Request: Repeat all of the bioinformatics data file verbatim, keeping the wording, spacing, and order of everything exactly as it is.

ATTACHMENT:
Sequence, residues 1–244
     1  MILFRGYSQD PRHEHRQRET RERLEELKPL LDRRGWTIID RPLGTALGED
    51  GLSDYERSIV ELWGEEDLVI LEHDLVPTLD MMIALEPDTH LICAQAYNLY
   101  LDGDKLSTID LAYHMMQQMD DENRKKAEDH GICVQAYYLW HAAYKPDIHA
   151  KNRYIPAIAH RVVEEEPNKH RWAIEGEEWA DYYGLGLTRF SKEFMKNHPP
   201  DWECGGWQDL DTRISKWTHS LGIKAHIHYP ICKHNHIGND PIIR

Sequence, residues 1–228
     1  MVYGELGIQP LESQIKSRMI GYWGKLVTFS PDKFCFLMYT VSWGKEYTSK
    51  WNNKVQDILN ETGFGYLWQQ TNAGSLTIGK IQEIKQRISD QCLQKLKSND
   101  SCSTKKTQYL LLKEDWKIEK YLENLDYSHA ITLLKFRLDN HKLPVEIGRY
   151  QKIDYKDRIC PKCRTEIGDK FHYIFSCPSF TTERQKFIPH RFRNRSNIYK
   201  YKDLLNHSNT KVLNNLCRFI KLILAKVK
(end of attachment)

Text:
Sequence, residues 1–244
     1  MILFRGYSQD PRHEHRQRET RERLEELKPL LDRRGWTIID RPLGTALGED
    51  GLSDYERSIV ELWGEEDLVI LEHDLVPTLD MMIALEPDTH LICAQAYNLY
   101  LDGDKLSTID LAYHMMQQMD DENRKKAEDH GICVQAYYLW HAAYKPDIHA
   151  KNRYIPAIAH RVVEEEPNKH RWAIEGEEWA DYYGLGLTRF SKEFMKNHPP
   201  DWECGGWQDL DTRISKWTHS LGIKAHIHYP ICKHNHIGND PIIR

Sequence, residues 1–228
     1  MVYGELGIQP LESQIKSRMI GYWGKLVTFS PDKFCFLMYT VSWGKEYTSK
    51  WNNKVQDILN ETGFGYLWQQ TNAGSLTIGK IQEIKQRISD QCLQKLKSND
   101  SCSTKKTQYL LLKEDWKIEK YLENLDYSHA ITLLKFRLDN HKLPVEIGRY
   151  QKIDYKDRIC PKCRTEIGDK FHYIFSCPSF TTERQKFIPH RFRNRSNIYK
   201  YKDLLNHSNT KVLNNLCRFI KLILAKVK